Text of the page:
And just last month, it
Bardo Museum, where the hostage situation is ongoing (REX)
13.40 The motivation behind the attack is not yet known, but Tunisia has become >a breeding ground for jihadists
>a breeding ground for jihadists
– it is now the largest source of foreign fighters joining Isil and other extremist groups in Syria and Iraq.
Louisa Loveluck reports:
Nestled in Africa’s northern crest, Tunisia is often hailed as a lone Arab Spring success story. As much of the region was wracked by fighting, a week ago Tunisians went to the polls for the second free parliamentary vote since the fall of dictator Zine El Abidine Ben Ali in 2011.
But the country also stands out for another reason – it is now the largest source of foreign fighters joining the Islamic State (Isil) and other extremist groups in Syria and Iraq. By some estimates, the number could be as high as 3,000. US officials say the total number of foreign fighters is around 16,000.
In March 2014, an fighter from Islamic State of Iraq and the Levant named as Abu Anas al Tunisi – Abu Anas the Tunisian – carried out a suicide attack on an Iraqi government complex, disguised in military uniform. Photos on Isil-linked social media accounts show groups of hoodie-clad Tunisians, smiling and clutching their guns.
Radicalised Tunisians have also been found with jihadist groups in Algeria, Iraq, Libya and Mali.
Read in full:
Tunisian security forces secure the area after gunmen attacked Tunis' Bardo Museum (AFP/GETTY)
13.23 Mohamed Ali Aroui, a government spokesman, has
A terrorist attack targeting the Bardo Museum [was carried out by] two or more terrorists armed with Kalashnikovs
There are eight victims [including] seven foreigners.
The majority of tourists were evacuated.
Anti-terrorist units have entered the museum.
Tunisian security forces secure the area after gunmen attacked Tunis' Bardo Museum (AFP/GETTY)
13.19 The Foreign Office has updated its travel advice to avoid the area until further notice:
Latest update: Summary - there are reports of an incident at the Tunisian parliament building and Bardo Museum in Tunis; you should avoid the area until further notice and follow the instructions of the Tunisian security authorities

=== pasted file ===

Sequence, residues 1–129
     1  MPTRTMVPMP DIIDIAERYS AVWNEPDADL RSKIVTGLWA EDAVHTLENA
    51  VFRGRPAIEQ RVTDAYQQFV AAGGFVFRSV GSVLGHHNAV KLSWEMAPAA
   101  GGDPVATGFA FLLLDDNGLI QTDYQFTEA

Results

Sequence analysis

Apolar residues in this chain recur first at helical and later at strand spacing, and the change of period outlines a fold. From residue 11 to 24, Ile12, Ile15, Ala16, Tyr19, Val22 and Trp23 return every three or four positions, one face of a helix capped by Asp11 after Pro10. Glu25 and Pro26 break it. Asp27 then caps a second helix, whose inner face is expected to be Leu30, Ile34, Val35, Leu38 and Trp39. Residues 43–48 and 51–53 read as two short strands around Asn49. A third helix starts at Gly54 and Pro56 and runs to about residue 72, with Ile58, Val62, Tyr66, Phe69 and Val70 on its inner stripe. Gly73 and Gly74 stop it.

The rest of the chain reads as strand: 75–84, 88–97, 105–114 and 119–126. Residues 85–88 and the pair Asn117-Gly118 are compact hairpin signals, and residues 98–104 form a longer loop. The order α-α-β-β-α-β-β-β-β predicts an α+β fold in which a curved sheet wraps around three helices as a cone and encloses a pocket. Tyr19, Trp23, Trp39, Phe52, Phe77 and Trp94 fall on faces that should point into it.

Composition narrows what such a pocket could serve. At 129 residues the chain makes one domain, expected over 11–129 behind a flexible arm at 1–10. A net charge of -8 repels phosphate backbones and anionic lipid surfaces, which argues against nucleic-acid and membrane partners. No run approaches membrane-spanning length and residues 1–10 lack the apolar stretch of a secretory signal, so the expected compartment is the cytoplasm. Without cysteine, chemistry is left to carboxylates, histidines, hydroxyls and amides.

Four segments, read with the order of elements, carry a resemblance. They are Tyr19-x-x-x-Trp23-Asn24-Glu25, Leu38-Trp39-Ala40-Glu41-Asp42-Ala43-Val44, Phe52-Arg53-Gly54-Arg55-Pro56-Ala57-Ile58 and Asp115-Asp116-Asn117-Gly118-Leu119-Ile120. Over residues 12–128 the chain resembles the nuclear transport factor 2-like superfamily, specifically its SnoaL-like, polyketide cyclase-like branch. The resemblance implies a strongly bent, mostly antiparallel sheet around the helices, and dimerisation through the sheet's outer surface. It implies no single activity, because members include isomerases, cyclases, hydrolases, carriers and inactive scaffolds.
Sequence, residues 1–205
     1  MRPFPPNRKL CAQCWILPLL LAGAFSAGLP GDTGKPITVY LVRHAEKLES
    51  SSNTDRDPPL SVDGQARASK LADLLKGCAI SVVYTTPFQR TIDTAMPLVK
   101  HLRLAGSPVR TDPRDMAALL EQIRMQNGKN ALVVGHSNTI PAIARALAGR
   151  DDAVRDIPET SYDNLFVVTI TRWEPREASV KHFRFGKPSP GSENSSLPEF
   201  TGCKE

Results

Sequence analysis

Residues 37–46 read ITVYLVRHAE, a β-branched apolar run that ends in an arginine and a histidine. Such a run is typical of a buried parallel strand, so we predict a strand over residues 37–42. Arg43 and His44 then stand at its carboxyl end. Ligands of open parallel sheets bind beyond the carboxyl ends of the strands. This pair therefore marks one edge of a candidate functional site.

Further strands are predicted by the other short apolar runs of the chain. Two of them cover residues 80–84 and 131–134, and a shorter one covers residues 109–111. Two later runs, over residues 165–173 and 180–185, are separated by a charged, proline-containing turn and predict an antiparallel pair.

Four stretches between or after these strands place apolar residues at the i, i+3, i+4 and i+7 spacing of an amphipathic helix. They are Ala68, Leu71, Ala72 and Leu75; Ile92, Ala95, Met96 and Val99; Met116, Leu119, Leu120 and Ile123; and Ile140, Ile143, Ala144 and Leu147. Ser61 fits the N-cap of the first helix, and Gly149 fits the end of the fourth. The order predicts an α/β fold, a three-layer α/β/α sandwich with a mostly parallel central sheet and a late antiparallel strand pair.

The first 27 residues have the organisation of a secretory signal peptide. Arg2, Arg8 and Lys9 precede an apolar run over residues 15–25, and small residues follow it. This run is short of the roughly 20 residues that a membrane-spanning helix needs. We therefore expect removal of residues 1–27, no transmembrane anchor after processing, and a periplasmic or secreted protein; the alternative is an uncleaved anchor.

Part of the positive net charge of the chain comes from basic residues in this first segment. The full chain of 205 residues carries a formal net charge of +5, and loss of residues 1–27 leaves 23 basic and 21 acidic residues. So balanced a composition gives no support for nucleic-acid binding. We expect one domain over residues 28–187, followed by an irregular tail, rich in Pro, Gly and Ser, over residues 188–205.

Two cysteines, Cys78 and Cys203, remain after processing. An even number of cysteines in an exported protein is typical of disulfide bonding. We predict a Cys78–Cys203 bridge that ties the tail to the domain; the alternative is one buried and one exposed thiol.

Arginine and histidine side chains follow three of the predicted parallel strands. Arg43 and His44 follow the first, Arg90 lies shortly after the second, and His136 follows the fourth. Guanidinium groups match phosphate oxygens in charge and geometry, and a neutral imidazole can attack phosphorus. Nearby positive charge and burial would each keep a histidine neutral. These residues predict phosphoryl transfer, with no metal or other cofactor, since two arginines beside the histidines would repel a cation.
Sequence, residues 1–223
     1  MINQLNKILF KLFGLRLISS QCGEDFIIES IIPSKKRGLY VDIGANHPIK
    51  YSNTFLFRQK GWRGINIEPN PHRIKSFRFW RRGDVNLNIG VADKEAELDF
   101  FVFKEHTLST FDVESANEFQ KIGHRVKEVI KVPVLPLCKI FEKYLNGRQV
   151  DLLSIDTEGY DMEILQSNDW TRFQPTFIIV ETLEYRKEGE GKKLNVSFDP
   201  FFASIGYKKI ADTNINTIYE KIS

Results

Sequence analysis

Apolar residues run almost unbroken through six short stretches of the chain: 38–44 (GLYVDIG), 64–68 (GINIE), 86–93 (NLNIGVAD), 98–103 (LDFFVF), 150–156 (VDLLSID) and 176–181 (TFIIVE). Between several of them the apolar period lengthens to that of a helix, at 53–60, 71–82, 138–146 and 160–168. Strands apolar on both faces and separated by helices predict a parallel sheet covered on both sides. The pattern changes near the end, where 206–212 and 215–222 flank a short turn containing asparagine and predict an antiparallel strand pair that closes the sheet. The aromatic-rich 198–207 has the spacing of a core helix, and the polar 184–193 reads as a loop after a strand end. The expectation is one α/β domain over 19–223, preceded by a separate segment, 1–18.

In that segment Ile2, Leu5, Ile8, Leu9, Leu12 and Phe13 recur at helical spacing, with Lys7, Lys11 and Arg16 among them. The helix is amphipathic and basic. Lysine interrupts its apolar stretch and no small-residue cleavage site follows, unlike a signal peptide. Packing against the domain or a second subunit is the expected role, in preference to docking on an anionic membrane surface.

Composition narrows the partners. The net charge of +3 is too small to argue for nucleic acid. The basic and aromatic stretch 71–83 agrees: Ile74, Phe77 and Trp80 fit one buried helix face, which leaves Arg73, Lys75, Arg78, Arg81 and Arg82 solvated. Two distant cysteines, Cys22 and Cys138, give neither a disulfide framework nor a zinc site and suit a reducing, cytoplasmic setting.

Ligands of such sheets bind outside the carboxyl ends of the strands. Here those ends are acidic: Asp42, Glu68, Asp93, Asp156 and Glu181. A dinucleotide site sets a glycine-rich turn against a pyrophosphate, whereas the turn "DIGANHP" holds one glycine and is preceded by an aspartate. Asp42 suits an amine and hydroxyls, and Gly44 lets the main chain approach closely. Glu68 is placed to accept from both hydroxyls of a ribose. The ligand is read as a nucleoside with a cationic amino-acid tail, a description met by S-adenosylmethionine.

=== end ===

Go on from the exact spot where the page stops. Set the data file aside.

13.14 Two Britons are among those killed, according to reports, along with one French and one Spanish. The Telegraph has not been able to verify this information.
BREAKING: 8 dead in #Tunisia Bardo museum hostage-taking include 2 Britons, 1 French, 1 Italian, 1 Spaniard, 1 Tunisian and 2 unknown— Borzou Daragahi (@borzou) March 18, 2015
Radio Mosaique is reporting 10 hostages are still being held.
13.13 The hostage situation is taking place at the Bardo Museum, adjacent to Tunisia's parliament building, where gunfire was heard earlier.
13.08 A counter-terror operation is under way, according to local reports, with images emerging on social media:
MORE: Local media reports that the Bardo museum attackers are armed with Kalashnikov and grenades.— Israel News Flash (@ILNewsFlash) March 18, 2015
13.03 It is also unclear who the attackers are. Tunisia has struggled with violence by Islamic extremists in recent years, including some linked to Islamic State of Iraq and the Levant (Isil).
A disproportionately large number of Tunisia recruits have joined Isil fighters in Syria and Iraq.
>According to ICSR
>According to ICSR, 1,500-3,000 Isil fighters are from Tunisia.
12.55 The nationalities of the seven foreign tourists killed, and those believed to be still held by gunmen, are not yet known.
More than 420,000 British nationals visited Tunisia last year, according to the Foreign Office.
12.46 Two explosions from grenades thrown by the terrorists have been heard at the scene, according to Tunis-based journalist
Med Dhia Hammami:
12.39 Seven foreigners and one Tunisian have been killed in the shooting attack, says AP.
12.37 Eight tourists have been killed in the attack, Reuters reports, citing a government official.
#Bardoattaque 8 dead, 7 tourists, 1 Tunisian— Tunisia Live (@Tunisia_Live) March 18, 2015
12.04 Tunisian security forces have surrounded at least two militants believed to be holding hostages at a museum in the country's parliament grounds.
A spokesman for the country's interior ministry said tourists had been taken hostage at the museum, believed to be the Bardo museum in Tunis, and that one person was injured.
Private radio station Radio Mosaique said that three men dressed in military-style clothing had launched the attack.
Shortly before, exchanges of gunfire were heard at Tunisia's parliament building, the country's state news agency reported.
Parliamentary committees suspended their meetings as MPs were ordered to assemble in the main chamber, Islamist MP Monia Brahim told AFP.
A witness near the parliament told Reuters a large police presence was moving to evacuate the building.
The Bardo museum chronicles Tunisia's history and includes one of the world's largest collections of Roman mosaics.
Tunisia has struggled with violence by Islamic extremists since overthrowing a dictator in 2011.
Source : http://www.telegraph.co.uk/news/worldnews/africaandindianocean/tunisia/11479898/Tunisia-attack-tourists-taken-hostage-at-museum-near-Tunis-parliament-live.html